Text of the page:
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dominate later, and the step backward from the higher to the lower relations is impossible. Thus even love, which is the deification of
persons, must become more impersonal every day. Of this at first it gives no hint. Little think the youth and maiden who are glancing at each other across crowded rooms with eyes so full of mutual intelligence, of the precious fruit long hereafter to proceed from this new, quite external stimulus. The work of vegetation begins first in the irritability of the bark and leaf-buds. From exchanging glances, they advance to acts of courtesy, of gallantry, then to fiery passion, to plighting troth and marriage. Passion beholds its object as a perfect unit. The soul is wholly embodied, and the body is wholly ensouled :
pure and eloquent blood
That one might almost say her body thought." Romeo, if dead, should be cut up into little stars to make the heavens fine. Life, with this pair, has no other aim, asks no more, than Juliet, — than Roineo. Night, day, studies, talents, kingdoms, religion, are all contained in this form full of soul, in this soul which is all form. The lovers delight in endearments, in avowals of love, in comparisons of their regards. When alone, they solace themselves
that other see the same star, the same melting cloud, read the same book, feel the same emotion, that now delights me? They try and weigh their affection, and adding up costly advantages, friends, opportunities, properties, exult in discovering that willingly, joyfully, they would give all as a ransom for the beautiful, the beloved head, not one hair of which shall be harmed. But the lot of humanity is on these children. Danger, sorrow and pain arrive to them as to all. Love prays. It makes covenants with Eternal Power in behalf of this dear mate. The union which is thus effected and which adds a new value to every atom in nature for it transmutes every thread throughout the whole web of relation into a golden ray, and bathes the soul in a new and sweeter element is yet a temporary state. Not always can flowers, pearls, poetry, protestations, nor even home in another heart, content the awful soul that dwells in clay. It arouses itself at last from these endearments, as toys, and puts on the harness and aspires to vast and universal aims. The soul which is in the soul of each, craving a perfect beatitude, detects incongruities, defects and disproportion in the behavior of the other. Hence arise surprise, expostulation and pain. Yet that which drew them to each other was signs of loveliness, signs of virtue ; and these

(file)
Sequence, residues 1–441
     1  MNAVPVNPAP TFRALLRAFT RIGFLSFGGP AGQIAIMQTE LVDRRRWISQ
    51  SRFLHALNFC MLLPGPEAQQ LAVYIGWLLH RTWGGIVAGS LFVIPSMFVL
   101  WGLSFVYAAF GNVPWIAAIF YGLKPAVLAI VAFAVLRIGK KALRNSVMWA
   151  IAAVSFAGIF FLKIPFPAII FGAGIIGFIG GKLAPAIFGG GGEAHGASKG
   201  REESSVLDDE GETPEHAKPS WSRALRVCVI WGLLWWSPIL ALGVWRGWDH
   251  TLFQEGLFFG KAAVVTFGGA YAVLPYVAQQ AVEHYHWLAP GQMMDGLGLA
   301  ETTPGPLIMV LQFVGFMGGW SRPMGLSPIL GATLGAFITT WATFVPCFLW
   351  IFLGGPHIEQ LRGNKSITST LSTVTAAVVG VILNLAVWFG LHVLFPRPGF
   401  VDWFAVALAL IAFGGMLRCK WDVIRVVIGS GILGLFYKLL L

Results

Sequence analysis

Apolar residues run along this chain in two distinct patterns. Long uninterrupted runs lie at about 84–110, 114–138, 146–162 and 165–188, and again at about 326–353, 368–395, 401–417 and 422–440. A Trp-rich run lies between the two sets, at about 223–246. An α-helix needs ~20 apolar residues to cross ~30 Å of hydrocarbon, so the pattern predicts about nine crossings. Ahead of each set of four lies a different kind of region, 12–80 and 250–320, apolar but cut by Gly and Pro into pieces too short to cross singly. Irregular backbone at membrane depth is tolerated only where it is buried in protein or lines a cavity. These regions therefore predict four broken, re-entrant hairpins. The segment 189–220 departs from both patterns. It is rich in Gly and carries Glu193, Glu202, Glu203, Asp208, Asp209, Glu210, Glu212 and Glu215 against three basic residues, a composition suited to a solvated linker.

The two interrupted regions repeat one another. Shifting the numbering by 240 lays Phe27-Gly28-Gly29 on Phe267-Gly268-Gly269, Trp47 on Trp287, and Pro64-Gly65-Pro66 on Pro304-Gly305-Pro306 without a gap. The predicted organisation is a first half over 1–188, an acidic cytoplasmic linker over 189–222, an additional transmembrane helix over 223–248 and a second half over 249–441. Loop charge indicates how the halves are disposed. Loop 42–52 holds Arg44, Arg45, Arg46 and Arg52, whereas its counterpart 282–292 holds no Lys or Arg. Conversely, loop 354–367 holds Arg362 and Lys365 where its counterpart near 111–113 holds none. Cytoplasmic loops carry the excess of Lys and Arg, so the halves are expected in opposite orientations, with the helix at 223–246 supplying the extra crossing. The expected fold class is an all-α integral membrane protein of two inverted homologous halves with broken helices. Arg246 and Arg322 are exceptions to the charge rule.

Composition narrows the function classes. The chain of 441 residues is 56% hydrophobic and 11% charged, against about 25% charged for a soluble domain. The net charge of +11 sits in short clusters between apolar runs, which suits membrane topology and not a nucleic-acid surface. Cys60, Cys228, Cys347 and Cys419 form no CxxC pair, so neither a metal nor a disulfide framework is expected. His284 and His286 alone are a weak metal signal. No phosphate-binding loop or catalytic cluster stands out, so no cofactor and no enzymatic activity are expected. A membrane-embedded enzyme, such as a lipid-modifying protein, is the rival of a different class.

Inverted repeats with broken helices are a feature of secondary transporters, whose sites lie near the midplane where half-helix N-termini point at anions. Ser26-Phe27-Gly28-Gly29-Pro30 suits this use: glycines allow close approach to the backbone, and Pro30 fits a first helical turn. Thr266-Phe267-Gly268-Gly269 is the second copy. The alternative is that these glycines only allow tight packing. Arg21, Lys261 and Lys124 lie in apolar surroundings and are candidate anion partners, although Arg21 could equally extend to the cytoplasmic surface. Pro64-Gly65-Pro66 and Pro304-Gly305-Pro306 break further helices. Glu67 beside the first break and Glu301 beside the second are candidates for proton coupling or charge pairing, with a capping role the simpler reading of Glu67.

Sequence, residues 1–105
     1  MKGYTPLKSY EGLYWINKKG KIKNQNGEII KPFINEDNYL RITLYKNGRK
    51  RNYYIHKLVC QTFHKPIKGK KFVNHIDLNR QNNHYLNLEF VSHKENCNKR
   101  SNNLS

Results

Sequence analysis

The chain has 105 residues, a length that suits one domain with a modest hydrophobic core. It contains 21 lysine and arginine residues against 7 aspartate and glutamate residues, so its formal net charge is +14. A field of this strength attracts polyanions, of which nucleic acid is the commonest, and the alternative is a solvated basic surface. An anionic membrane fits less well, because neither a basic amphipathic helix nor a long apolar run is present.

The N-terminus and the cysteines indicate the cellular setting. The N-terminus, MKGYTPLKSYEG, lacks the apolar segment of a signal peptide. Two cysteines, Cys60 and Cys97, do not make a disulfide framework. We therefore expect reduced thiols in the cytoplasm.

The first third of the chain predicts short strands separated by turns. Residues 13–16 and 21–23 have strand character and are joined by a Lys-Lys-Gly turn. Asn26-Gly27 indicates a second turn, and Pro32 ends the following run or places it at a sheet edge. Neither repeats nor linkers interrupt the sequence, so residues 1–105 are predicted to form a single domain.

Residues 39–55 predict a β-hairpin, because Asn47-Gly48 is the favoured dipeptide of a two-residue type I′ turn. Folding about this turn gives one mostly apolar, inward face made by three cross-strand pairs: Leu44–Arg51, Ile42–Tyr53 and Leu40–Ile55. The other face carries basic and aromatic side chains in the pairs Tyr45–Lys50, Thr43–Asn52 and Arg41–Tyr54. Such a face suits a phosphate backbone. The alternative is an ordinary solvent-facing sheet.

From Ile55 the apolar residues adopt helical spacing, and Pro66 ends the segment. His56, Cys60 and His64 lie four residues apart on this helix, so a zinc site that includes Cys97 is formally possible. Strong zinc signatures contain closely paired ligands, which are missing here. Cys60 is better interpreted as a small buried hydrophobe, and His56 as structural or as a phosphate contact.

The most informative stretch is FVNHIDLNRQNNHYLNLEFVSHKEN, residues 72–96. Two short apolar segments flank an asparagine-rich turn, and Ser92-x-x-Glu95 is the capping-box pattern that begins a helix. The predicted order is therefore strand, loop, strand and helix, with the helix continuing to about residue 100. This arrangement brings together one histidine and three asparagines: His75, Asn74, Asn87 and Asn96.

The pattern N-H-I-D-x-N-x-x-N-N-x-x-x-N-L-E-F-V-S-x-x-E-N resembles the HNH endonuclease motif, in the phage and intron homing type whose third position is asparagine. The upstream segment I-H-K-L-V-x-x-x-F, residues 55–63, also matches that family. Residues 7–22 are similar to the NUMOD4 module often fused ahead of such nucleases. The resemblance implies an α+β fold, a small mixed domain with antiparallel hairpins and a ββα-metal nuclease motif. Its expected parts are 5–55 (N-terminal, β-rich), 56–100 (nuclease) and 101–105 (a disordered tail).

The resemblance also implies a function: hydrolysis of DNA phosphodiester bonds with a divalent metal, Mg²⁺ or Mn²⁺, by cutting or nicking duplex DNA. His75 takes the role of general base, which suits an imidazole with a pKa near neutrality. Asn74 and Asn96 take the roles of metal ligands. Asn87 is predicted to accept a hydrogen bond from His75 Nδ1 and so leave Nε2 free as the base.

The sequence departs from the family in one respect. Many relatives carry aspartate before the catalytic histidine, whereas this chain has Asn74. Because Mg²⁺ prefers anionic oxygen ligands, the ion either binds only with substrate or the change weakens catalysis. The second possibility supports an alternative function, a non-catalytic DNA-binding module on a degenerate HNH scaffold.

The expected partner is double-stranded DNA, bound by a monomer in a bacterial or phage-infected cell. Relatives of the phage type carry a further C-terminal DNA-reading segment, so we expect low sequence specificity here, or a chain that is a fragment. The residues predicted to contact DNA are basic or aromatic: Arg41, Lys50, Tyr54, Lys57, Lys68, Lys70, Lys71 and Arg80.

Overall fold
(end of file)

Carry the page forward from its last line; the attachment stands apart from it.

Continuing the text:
and reappear and continue to attract; but the regard changes, quits the sign and attaches to the substance. This repairs the wounded affection. Meantime, as life wears on, it proves a game of permutation and combination of all possible positions of the parties, to employ all the resources of each and acquaint each with the strength and weakness of the other. For it is the nature and end of this relation, that they should represent the human race to each other. All that is in the world, which is or ought to be known, is cunningly wrought into the texture of man, of woman :
“The person love does to us fit,
Like manna, has the taste of all in it." The world rolls; the circumstances vary every hour. The angels that inhabit this temple of the body appear at the windows, and the gnomes and vices also. By all the virtues they are united. If there be virtue, all the vices are known as such; they confess and flee. Their once flaming regard is sobered by time in either breast, and losing in violence what it gains in extent, it becomes a thorough good understanding. They resign each other without complaint to the good offices which man and woman are severally appointed to discharge in time, and exchange the passion which once could not lose sight of its object, for a cheerful disengaged furtherance, whether present or absent, of each
other's designs. At last they discover that all which at first drew them together, — those once sacred features, that magical play of charms, — was deciduous, had a prospective end, like the scaffolding by which the house was built; and the purification of the intellect and the heart from year to year is the real marriage, foreseen and prepared from the first, and wholly above their consciousness. Looking at these aims with which two persons, a man and a woman, so variously and correlatively gifted, are shut up in one house to spend in the nuptial society forty or fifty years, I do not wonder at the emphasis with which the heart prophesies this crisis from early infancy, at the profuse beauty with which the instincts deck the nuptial bower, and nature and intellect and art emulate each other in the gifts and the melody they bring to the epithalamium.
Thus are we put in training for a love which knows not sex, nor person, nor partiality, but which seeks virtue and wisdom everywhere, to the end of increasing virtue and wisdom. We are by nature observers, and thereby learners. That is our permanent state. But we are often made to feel that our affections are but tents of a night. Though slowly and with pain, the objects of the affections change, as the objects of thought do. There are moments when the affections rule and absorb the
son or persons. But in health the mind is presently seen again, — its overarching vault, bright with galaxies of immutable lights, and the warm loves and fears that swept over us as clouds must lose their finite character and blend with God, to attain their own perfection. But we need not fear that we can lose any thing by the progress of the soul. The soul may be trusted to the end. That which is so beautiful and attractive as these relations, must be succeeded and supplanted only by what is more beautiful, and so on for ever.